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Values are of paramount importance in our society and strengthening values in Science, Technology, Engineering and Mathematics (stem) education has the potential to weave an interactive pattern between stem and various societal structures so that these are continuously and critically examined. It could be argued that what students value in their mathematics learning steer their decisions and actions throughout the learning process. In this context, the ‘What I Find Important’ (WIFI) Study was designed to identify what students value in mathematics learning. Survey data collected from 612 Grade 8 students were analysed by means of Principal Components Analysis (PCA), showing that Macau students value achievement; relevance; practice; technology; communication and development. In this chapter we analyse and interpret these values in the cultural context of Macau. Differences between Macau students and their peers in the other three greater China regions (i.e., The Chinese Mainland, Hong Kong, and Taiwan) are also discussed.

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Kathy Jordan

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A stem discourse is emerging in Australian national and state school education policies, as governments seek to develop a vision and road map for the future. This official discourse argues in support of a national stem enterprise, so that Australia’s economic growth and way of life will be maintained. Within this discourse, schools are framed as important to increasing the participation and performance of students in stem, and to building a highly-skilled stem workforce. This chapter analyses several recent national and state school education policies to gain greater understanding of this positioning.

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Grant Cooper and Nicky Carr

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The aim of this paper is to examine pre-service teachers’ (PSTs) perceptions of stem education, including their conceptualisations and psychosocial factors associated with teaching it. Methods used to in this study to elicit PSTs’ perceptions included surveys, online responses and drawings. PSTs in this sample commonly conceptualised stem education as involving an integrated approach, placing an emphasis on the relationships between disciplines. PSTs also frequently discussed the importance of developing students’ generic skills, using problem-based learning and inquiry-related pedagogies. Some participants positioned stem education as a way of promoting workforce skills and dispositions in their future students. PSTs generally reported positive attitudes to teaching stem education. They also reported a number of normative influences to teach stem, however there appeared to be limited opportunities to develop their teaching capacity on professional experience in schools. Relatively low levels of self-efficacy to teach particular areas of stem were reported by PSTs, particularly engineering and digital technologies. This paper contributes to debates on calls for reform to teacher education programs and discourses about PSTs perceptions of stem education.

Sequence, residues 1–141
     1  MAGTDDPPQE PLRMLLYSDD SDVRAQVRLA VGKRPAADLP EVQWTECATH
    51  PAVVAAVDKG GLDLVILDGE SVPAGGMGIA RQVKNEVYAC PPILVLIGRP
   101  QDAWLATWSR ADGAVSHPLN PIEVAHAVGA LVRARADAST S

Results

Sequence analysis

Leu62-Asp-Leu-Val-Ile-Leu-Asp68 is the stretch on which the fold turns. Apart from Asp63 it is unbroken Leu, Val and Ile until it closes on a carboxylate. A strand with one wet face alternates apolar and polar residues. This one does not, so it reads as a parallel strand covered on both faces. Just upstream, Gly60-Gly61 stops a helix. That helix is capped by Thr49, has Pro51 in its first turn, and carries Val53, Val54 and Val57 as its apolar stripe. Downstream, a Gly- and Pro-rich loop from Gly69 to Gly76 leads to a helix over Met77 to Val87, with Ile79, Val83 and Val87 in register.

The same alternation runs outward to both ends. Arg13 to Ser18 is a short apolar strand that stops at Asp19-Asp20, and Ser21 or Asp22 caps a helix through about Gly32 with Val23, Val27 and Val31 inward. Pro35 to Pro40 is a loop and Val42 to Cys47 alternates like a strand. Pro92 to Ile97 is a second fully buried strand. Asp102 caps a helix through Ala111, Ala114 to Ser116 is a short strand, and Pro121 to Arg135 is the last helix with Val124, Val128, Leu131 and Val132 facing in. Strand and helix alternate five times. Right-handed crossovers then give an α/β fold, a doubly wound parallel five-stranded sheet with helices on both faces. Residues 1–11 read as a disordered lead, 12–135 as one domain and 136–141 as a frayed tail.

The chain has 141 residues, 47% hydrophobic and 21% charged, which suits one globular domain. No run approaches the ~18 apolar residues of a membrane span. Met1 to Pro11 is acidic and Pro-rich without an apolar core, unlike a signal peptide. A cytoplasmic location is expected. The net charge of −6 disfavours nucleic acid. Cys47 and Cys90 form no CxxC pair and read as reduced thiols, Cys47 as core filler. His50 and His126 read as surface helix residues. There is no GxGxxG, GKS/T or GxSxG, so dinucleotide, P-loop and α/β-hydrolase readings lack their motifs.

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Andrew Gilbert and Lisa Borgerding

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This case study delves into a five-day STEAM camp at a Reggio Emilia inspired pre-school setting where children explored stem content that included a strong Arts component. The results suggest that integrated STEAM activities helped young children construct understandings for the properties of air and facilitated engagement in argumentation surrounding those concepts. Young children demonstrated rich possibilities and potential for learning across STEAM and this project serves as a reminder that our youngest learners are capable of engagement in stem particularly when explored using the Arts for design, testing and communication of their burgeoning ideas.